Carlton 1881, C. M. Sykes 969.
The Johnson-Humphrey ticket
tallied a 8,998-4,004 victory "here
over the Republican slate.
Sen. Ralph Yarborough claim
ed a 7,216-4,787 local mandate
over Republican opponent George
John Connally had a 9,395-2,260
Brazos County win over Jack t l
Crichton in the Texas governor
Brazos County winners in other
state elections were Joe Pool,
Congreeman - at - large, Preston
Smith, lieutenant governor; Wag-
gonner Carr, attorney general;
John C. White, commissioner of
agriculture; Jerry Sadler, com
missioner of general land office;
Robert S. Calvert, comptroller of
public accounts; Jesse James,
state treasurer; Ben Ramsey,
railroad commission (unexpired
term), and Jack Pope, associate
justice, supreme court, place 1.
Results in Precinct 3 — A&M
Consolidated High School —
President and vice president —
Johnson and Humphrey 958, Gold-
water and Miller 728; senator —
Bush 929, Yarborough 784; con
gressman-at-large — Pool, 997,
Hayes 682; U. S. Representative
— Teague 1,320, Van Winkle 408;
governor — Connally 1,186, Chri-
chton, 442; It. governor — Smith
1,227, Houston 397.
Attorney general — Carr 1,280,
Trice 380; commissioner of agri
culture — White 1,147, Armstr
ong 491; commissioner of gen
eral land office — Sadler 1,195,
Matthews 463; comptroller of
public accounts — Calvert 1,229,
Calmes 408; treasurer — James
1,256, Neumann 385; railroad
commissioner — Langdon 1,218,
Flanagan 437; associate justice,
supreme court, place 1 — Pope
1,195, Kennerly 458.
State board of education, Dis
trict 6 — Miller 1,150, Cochran
495; state representative —
Haines 1,237, Rogers 406, and
constable, precinct 7 — Carlton
1,048, Sykes 562.
A&M University officials re
ceiving write-in votes included
President Earl Rudder, one vote
for governor; Basketball Coach
Shelby Metcalf, one vote for vice-
president, and Football Coach
Hank Foldberg, one vote for state
me to forget our differences, be
cause there are many more things
in America that unite ps than
divide us.”
Johnson won his first elective
White House term by batter
ing down Republican bastions
across the nation. Maine and
Vermont fell in his column as
did usually Republican Kansas.
Only in the South, where he
lost five states, and possibly in
Arizona, did his surge falter in
the sweep toward the greatest
presidential victory of modern
times — the largest ever in terms
of votes rolled up and margin
over his opponent.
It lent Goldwater, the conserv
ative who offered “a choice, not
an echo,” with the limited con
solation of having carried Ala
bama, Georgia, Louisiana, Mis
sissippi, South Carolina, and per
haps his native Arizona.
Miller Says GOP
Died Of Disunity
LOCKPORT, N. Y. <A>> _ Wil
liam E. Miller said lack of party
unity contributed to the crush
ing defeat he and his Republican
running mate, Barry Goldwater,
suffered Tuesday.
He said the refusal of many
state and local Republican can
didates to support the national
ticket tended to “weaken the Re
publican position from top to bot
. . . Voters say LBJ for the USA.
Connally, Yarborough Get Mandates
By The Associated Press
Exultant Texas Democrats sent
native son Lyndon B. Johnson
back to the White House and
jarred state Republicans with the
most clear-cut political triumph
in more than a decade.
Democrats swept every major
office in the state Tuesday and
cut into GOP strength in many
lesser jobs.
Bitterest defeat for the GOP
was the loss of their two precious
seats in the U. S. House in
blistering upsets in the 5th and
17th districts.
The GOP centered money and
energy as never before in seek
ing to pry Ralph Yarborough
from his U. S. Senate seat, and
failed. He goes back to Capitol
Hill for a second full term.
Gov. John Connally, surveying
the massive Democratic sweep
predicted “one of the great eras
of growth and opportunity in the
history of Texas” in future years.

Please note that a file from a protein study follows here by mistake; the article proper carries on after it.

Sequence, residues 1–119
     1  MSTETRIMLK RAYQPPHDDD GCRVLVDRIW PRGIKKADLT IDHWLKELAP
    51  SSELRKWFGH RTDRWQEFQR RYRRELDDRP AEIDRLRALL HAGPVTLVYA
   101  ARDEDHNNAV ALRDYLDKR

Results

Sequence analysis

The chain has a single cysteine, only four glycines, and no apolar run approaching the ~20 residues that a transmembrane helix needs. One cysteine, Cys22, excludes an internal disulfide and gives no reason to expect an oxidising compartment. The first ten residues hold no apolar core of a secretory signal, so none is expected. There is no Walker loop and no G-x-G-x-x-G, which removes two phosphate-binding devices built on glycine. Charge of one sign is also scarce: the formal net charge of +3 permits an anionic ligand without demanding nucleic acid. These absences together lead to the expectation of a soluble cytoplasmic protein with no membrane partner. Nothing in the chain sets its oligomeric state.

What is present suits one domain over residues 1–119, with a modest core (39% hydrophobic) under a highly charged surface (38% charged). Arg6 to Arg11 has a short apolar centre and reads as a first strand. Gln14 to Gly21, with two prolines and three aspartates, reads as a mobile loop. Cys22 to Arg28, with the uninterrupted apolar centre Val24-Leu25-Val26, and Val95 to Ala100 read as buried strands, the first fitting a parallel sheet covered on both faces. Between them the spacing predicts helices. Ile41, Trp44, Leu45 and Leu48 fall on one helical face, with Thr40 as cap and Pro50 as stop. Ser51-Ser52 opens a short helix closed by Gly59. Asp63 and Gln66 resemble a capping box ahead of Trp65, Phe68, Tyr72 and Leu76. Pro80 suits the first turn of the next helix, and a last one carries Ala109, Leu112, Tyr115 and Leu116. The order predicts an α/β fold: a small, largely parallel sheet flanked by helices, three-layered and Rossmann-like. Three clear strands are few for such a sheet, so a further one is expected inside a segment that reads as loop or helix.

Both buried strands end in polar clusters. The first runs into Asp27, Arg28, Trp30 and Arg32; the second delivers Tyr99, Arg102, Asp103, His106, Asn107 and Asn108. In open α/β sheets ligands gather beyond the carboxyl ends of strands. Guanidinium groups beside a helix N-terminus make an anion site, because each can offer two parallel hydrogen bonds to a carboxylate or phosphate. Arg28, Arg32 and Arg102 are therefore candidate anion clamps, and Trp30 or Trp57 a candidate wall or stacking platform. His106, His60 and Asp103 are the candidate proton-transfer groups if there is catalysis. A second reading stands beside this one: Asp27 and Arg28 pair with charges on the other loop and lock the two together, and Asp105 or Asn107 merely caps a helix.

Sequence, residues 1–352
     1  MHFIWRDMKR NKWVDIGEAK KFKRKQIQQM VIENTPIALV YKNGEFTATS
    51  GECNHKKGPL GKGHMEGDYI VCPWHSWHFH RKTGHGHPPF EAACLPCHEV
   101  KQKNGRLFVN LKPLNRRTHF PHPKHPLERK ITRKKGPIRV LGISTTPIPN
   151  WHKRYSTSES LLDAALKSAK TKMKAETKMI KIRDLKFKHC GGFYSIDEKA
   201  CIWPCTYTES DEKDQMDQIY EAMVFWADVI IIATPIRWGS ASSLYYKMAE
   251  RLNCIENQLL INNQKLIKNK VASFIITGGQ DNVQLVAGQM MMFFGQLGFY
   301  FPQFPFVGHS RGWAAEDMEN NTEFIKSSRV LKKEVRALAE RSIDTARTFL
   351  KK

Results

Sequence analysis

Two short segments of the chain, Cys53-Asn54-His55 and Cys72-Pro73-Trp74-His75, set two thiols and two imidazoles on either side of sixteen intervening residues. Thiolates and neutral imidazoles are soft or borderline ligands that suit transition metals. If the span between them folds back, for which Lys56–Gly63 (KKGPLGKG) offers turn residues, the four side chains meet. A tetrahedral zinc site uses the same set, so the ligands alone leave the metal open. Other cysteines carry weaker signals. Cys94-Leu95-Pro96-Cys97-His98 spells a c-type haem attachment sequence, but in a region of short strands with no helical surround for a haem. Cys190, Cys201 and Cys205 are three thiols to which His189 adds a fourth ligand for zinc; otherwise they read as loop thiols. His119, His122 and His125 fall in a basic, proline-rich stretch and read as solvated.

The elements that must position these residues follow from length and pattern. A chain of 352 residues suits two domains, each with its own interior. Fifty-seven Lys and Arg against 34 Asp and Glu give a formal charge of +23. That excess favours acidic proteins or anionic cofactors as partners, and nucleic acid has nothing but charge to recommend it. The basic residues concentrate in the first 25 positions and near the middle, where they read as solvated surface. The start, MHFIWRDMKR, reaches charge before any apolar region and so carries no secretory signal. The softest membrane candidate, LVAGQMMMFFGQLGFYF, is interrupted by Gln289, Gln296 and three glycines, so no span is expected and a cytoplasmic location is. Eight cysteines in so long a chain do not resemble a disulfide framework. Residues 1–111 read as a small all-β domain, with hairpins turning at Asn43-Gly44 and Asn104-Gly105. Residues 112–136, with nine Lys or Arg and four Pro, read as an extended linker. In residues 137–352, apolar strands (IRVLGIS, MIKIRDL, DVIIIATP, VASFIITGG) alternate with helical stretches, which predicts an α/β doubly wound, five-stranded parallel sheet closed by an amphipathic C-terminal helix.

When vote counting ended for
a time Wednesday, Johnson had
rolled up 62.9 per cent of the
Texas vote and Republican Barry
Goldwater 36.9. Four years ago,
Kennedy and Johnson won Texas
by only 50.5 per cent.
Here are the latest vote totals,
Democrats listed first:
President: Lyndon Johnson
1,479,079, Barry Goldwater 870,-
Senator: Ralph Yarborough
1,301,664, George Bush 1,014,172.
Congress-at-Large: Joe Pool
1,496,783, Bill Hayes 747,755.
Governor: John Connally 1,670,-
156; Jack Crichton 602,287.
Lt. Gov.: Preston Smith 1,400,-
039, Horace Houston 534,987.
Attorney General: Waggoner
Carr 1,447,338, John Trice 511,-
Agriculture Commissioner:
John White 1,354,931, John Arm
strong 568,265.
Land Commissioner: Jerry
Sadler 1,383,857, John Matthews
Comptroller: Robert S. Calvert
1,379,437, Dallas Calmes 528,656.
Treasurer: Jesse James 1,377,-
745, Fred Neumann 530,944.
Railroad Commissioner: Jim
Langdon 1,382,528, Don Flanagan
Supreme Court: Jack Pope
1,371,422, T. E. Kennerly 548,533.
School Fund amendment: For
643,796, Against 341,121.
Conservation district amend
ment: For 619,651, Against 307,-
Medical Care amendment: For
728,060, Against 294,624.
The GOP was left with only
one Texan in Congress Wednes
day—Sen. John, Tower. His term
did not expire this year.
Defeated were Republican
Reps. Bruce Alger and Ed Fore
man. Alger, a 10-year veteran
from Dallas County, lost to for
mer Mayor Earle Cabell. Fore
man, seeking his second term,
fell to Richard White, El Paso
lawyer, in the sprawling 16th
District in West Texas.
Electoral Count
Not Even A Write In?
Ranger, endorsed for President by The Bat
talion, spent a long night Tuesday in the
Batt Cave hoping to be placed in office.
Proudly displaying his “I Read Batt Editor
ials” sign, Ranger read wire copy from The
Associated Press, but without any luck. He
did not receive a vote. Managing Editor
Glenn Dromgoole consoles the candidate.
District of
New Hampshire
New Jersey
New Mexico
New York
North Carolina
North Dakota
Rhode Island
South Carolina
South Dakota
West Virginia
10 Goldwater
3 Johnson
5 Goldwater
6 Johnson
40 Johnson
6 , Johnson
8 Johnson
3 Johnson
3 Johnson
14 Johnson
12 Goldwater
4..: Johnson
4 .....Johnson
26 Johnson
13 Johnson
9 Johnson
7 Johnson
9 Johnson
10 Goldwater
4 Johnson
10 Johnson
14 Johnson
21 Johnson
10 Johnson
7 Goldwater
12 : Johnson
4 Johnson
5 Johnson
3 Johnson
4 Johnson
17 Johnson
4 Johnson
43 Johnson
13 Johnson
4 Johnson
26 Johnson
8 Johnson
6 Johnson
29 ...Johnson
4 Johnson
8 Goldwater
4 Johnson
11 Johnson
25 Johnson
4 Johnson
3 Johnson
12 Johnson
9 Johnson
7 Johnson
12 Johnson
3 Johnson
486 - 52 Johnson